Fast forward to 2018, when I finally got serious about my weight, and was tired of just being a “finisher” who was miserable at the finish line (racing prior to 2018 included IMCHATT, IMLOU, IMMD plus multiple 70.3s each year). My goal back then was not to be last. Well, I was finally fed up with this mindset, and said enough is enough. Time to face this elephant in the room, and Slay It. I sought help from a Health Coach I trusted, dialed back all exercise for about 3 months, and lost ~40 pounds (going from 204 to 160, which I have since maintained for 2 years now through proper nutrition).
Then I resumed my training and the results were as stunning to me as was the fact that my GI issues had completely resolved themselves. I raced as hard as I could, and not only was I moving up from the bottom or middle of the pack to the top 25% or higher, I wasn’t experiencing any GI issues. Wow, so this is how it feels to race strong throughout an entire race and not holding on finishing on fumes with a GI shut down!! Good stuff! I also visited the SlayRX facility in Atlanta to get my sweat rate and sodium loss rate tested, which further helped my performance. See my video about this experience here: https://vimeo.com/351803809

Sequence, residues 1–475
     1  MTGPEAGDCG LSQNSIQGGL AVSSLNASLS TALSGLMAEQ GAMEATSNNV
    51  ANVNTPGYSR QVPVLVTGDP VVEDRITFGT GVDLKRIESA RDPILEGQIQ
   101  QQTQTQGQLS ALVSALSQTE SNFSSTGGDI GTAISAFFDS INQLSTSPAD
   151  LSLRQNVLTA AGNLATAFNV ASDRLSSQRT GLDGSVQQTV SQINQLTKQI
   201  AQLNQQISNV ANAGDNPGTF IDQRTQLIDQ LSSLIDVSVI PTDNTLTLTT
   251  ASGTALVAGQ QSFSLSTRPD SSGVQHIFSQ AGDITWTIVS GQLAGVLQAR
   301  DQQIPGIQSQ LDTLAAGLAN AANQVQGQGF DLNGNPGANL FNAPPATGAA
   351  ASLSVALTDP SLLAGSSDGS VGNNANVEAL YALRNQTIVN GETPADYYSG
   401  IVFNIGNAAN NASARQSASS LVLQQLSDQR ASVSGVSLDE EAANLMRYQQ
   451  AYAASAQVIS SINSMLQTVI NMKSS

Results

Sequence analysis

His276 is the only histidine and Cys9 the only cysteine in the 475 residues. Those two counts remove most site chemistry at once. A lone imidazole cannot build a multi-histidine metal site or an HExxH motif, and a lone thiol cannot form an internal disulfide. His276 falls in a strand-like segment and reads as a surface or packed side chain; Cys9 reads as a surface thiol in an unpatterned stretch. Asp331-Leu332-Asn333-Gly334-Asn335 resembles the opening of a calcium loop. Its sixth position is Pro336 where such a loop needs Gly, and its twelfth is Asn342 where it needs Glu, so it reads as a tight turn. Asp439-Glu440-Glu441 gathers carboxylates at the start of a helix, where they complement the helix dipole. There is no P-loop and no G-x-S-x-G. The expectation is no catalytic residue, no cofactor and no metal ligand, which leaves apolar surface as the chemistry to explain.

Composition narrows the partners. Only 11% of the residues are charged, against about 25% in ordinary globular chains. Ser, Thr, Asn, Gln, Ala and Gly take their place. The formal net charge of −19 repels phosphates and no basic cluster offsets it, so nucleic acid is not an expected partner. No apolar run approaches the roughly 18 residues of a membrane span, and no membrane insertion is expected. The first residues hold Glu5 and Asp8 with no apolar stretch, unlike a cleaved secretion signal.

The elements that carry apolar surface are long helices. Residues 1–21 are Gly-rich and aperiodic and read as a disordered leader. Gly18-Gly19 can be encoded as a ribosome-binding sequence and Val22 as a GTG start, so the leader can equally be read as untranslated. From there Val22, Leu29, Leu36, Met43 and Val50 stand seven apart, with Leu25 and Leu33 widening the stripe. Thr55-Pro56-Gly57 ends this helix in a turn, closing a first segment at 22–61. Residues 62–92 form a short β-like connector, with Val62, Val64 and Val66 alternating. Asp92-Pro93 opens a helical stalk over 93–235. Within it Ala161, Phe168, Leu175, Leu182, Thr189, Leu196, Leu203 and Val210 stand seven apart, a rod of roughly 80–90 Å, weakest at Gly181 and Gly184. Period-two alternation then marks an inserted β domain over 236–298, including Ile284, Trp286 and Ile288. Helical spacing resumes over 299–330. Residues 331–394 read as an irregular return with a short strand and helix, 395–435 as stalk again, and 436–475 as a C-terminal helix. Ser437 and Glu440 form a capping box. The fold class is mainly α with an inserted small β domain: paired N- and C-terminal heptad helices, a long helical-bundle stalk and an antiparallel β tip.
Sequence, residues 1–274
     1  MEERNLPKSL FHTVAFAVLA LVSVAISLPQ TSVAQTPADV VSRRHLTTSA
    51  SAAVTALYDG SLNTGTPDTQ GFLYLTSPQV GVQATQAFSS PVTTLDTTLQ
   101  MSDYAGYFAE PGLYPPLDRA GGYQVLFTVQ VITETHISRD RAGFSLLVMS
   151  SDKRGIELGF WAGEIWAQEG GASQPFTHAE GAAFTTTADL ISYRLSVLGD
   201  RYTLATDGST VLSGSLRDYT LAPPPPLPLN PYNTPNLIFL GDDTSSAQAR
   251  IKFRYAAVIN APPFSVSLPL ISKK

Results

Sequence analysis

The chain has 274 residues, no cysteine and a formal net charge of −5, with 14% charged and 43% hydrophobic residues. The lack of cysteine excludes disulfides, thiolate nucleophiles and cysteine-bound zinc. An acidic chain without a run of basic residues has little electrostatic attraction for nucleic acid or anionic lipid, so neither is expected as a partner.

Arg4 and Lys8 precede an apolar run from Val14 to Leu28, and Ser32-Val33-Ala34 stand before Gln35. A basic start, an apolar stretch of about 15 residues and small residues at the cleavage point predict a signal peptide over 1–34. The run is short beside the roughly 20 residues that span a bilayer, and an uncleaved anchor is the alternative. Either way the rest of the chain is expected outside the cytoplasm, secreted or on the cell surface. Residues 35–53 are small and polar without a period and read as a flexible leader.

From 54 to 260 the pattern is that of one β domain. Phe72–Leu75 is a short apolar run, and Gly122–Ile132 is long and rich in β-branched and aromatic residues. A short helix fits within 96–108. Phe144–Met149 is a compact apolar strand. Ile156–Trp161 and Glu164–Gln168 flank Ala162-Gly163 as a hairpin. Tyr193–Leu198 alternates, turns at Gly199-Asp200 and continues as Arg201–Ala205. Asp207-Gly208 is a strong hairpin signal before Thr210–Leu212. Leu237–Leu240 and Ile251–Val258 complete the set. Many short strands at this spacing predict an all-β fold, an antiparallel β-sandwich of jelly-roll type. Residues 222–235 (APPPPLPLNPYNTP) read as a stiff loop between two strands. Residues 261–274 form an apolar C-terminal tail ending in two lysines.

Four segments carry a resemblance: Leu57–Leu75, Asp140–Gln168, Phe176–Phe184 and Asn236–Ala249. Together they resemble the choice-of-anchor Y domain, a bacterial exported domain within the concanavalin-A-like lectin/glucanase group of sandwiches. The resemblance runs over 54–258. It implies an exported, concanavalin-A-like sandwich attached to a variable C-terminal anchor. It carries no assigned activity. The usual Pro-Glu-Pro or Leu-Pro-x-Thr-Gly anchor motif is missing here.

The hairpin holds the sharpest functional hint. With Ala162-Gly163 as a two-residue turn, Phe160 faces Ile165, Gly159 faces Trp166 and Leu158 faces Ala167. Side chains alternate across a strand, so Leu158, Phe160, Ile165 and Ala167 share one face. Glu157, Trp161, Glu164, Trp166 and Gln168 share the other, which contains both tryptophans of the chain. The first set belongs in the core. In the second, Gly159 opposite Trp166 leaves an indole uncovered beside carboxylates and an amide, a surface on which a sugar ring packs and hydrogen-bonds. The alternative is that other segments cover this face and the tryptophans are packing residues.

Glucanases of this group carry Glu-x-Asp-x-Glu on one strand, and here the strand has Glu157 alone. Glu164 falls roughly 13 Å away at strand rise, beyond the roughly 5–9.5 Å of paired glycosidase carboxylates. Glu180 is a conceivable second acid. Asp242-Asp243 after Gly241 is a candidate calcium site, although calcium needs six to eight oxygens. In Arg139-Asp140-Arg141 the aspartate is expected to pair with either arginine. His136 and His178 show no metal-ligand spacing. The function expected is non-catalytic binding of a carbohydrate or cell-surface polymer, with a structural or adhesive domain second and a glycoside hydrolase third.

The next year, 2019 I had all of this dialed in – healthy weight, dialed in hydration and sodium levels, and I raced 3 x 70.3s – Chattanooga in May (25th AG), Lake Placid in September (14th AG), and Augusta in late September (8th AG). Qualified Ironman AWA Silver and 22nd in US in 60-64 AG. How was any of this possible? I Slayed the elephant in the room, didn’t let him back in, and dialed in everything else. I tried many different nutrition products, they all worked. I have stuck with the SlayRX products because they seem to keep me stronger throughout long training sessions and races as compared to other products. As I am seeking to be my very best, I am looking for any incremental gain possible, and I believe I get this with these products. But make no mistake here, none of this would ever had been possible without Slaying the Elephant.
Coach Bob Ford is the CEO & Head Coach at Optimum Health & Financial Coaching, LLC and is a Certified Health & Financial Coach, as well as a L1 USAT Triathlon trained Coach. He helps both athletes and non-athletes achieve better health through balanced nutrition and Habits of Health. You can contact him at firstname.lastname@example.org or (706) 627-6753.